Nims describes the report as a ‘whitewash’ and he condemns the MPS for failing to act on his warnings.
|London August 2011|
Nationally there were three more suspicious deaths of black men in police custody that caused huge outcries of public concern. In April a huge march demanding justice descended on Scotland Yard, and others took place around the country. Add to that the huge historical significance of the shooting of a black man in Tottenham and even the most amateurish of observers should have concluded that tensions were running extremely high.
These political and professional failures cost Londoners and other cities dear. The real tragedy is that lives, including that of Mark Duggan’s and others were lost. As I have stated previously and Pastor Nims has recently stated, this riot was entirely avoidable.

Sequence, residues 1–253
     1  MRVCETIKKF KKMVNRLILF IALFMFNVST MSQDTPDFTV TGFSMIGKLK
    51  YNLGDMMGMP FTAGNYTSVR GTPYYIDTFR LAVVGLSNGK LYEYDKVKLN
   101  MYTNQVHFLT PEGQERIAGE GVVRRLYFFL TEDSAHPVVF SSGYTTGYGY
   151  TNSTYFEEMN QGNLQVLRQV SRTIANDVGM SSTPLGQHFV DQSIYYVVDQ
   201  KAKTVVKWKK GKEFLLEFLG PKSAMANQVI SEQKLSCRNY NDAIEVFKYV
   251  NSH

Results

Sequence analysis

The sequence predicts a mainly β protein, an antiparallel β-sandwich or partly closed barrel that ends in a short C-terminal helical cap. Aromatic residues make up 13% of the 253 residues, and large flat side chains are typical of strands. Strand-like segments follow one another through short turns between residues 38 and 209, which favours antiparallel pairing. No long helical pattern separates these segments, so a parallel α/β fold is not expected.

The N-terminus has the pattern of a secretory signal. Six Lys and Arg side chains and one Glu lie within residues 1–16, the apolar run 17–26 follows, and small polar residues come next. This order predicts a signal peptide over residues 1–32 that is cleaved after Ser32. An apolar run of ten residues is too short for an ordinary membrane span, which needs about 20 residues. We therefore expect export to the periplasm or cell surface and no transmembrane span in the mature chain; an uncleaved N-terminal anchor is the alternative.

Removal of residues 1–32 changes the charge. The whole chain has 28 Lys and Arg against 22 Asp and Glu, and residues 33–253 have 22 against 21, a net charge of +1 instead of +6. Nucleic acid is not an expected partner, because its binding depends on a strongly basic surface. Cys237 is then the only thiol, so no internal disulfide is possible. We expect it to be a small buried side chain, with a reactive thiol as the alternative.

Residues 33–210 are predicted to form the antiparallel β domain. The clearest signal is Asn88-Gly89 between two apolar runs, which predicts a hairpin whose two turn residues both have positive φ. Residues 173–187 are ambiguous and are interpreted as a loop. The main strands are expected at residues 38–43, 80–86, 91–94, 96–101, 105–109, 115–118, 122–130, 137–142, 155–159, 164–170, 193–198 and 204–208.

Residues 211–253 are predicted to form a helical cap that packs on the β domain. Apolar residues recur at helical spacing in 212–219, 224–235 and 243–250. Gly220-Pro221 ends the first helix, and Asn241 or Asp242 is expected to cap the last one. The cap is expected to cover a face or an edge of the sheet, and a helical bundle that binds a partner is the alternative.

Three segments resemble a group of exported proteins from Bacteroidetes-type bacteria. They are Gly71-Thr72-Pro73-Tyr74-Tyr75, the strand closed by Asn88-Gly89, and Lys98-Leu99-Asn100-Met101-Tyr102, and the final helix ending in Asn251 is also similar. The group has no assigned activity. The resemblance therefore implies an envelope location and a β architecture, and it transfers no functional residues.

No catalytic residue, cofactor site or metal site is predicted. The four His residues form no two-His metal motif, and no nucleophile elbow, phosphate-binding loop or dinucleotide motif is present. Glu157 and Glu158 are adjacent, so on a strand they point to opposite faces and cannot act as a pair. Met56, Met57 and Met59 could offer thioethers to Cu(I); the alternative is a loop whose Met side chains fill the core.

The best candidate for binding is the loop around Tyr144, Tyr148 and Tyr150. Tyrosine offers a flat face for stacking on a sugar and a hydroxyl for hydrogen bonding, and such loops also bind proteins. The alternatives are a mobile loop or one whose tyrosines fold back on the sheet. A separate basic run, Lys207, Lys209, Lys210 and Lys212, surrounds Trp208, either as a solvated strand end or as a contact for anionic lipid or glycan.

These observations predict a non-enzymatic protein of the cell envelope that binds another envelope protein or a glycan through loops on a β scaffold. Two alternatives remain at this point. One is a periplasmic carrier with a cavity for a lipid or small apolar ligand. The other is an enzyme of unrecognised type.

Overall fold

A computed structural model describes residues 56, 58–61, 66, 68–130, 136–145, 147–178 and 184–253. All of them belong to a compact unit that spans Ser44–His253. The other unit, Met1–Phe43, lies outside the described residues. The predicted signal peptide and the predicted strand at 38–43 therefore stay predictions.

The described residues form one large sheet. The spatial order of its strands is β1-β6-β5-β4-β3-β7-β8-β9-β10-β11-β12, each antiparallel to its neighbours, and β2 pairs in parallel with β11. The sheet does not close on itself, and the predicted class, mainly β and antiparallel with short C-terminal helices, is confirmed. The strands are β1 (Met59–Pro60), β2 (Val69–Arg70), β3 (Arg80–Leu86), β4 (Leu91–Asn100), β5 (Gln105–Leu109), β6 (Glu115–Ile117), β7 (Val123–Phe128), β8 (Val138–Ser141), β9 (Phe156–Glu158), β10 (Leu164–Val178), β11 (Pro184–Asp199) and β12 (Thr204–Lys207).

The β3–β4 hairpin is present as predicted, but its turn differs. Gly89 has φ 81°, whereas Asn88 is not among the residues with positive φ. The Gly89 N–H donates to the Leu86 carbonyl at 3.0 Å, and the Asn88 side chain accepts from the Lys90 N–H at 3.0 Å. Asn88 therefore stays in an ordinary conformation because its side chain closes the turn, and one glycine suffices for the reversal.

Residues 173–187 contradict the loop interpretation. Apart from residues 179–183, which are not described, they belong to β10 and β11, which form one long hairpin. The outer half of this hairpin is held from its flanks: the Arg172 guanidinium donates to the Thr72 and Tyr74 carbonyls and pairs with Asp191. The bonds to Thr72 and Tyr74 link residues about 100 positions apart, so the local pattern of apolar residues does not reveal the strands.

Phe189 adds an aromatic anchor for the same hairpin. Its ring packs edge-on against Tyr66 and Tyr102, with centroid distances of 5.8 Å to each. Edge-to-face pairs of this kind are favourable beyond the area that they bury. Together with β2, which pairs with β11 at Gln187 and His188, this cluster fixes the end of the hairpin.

If the MPS, the Home Office and the Mayor’s Office did not recognise the reality of the situation, then that is a direct result of their general ideological predisposition that results in racial equality policies and the fight against institutional racism being taken off the agenda.
As a result, race equality policies that could make a difference are ignored on the basis of political ideology, which further results in administrations becoming less diverse as a result, black concerns being marginalised and distrustful communities becoming increasingly alienated and angry. In such a context, in such a city such political and professional prejudice is not only short sighted, it is extremely dangerous.
With the abolition of the MPA and with Boris Johnson’s Office, the Home Office and the MPS all failing to see what was hidden in plain sight, I can offer another warning which they may well choose to ignore.
Black communities and police relationships in London are now back to where they were in the 1980’s. Urgent action is needed. Ignore that at your peril.